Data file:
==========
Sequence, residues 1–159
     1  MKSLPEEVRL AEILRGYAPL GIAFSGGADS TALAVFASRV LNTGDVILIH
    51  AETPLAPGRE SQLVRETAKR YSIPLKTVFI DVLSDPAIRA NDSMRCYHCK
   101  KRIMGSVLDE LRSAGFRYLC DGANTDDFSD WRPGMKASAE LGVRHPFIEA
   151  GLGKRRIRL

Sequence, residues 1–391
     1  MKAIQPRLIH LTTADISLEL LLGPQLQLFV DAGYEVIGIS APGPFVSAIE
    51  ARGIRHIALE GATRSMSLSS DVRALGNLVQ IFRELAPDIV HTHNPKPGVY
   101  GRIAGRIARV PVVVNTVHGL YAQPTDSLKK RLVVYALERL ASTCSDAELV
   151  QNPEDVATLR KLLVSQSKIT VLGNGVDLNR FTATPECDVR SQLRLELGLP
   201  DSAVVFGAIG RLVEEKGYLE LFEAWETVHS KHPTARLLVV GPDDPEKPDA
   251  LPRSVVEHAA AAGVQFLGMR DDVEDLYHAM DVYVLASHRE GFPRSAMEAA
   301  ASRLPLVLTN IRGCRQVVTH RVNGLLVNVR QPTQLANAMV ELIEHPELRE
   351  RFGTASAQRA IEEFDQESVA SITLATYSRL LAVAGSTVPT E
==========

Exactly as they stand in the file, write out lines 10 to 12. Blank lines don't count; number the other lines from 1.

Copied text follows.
   151  QNPEDVATLR KLLVSQSKIT VLGNGVDLNR FTATPECDVR SQLRLELGLP
   201  DSAVVFGAIG RLVEEKGYLE LFEAWETVHS KHPTARLLVV GPDDPEKPDA
   251  LPRSVVEHAA AAGVQFLGMR DDVEDLYHAM DVYVLASHRE GFPRSAMEAA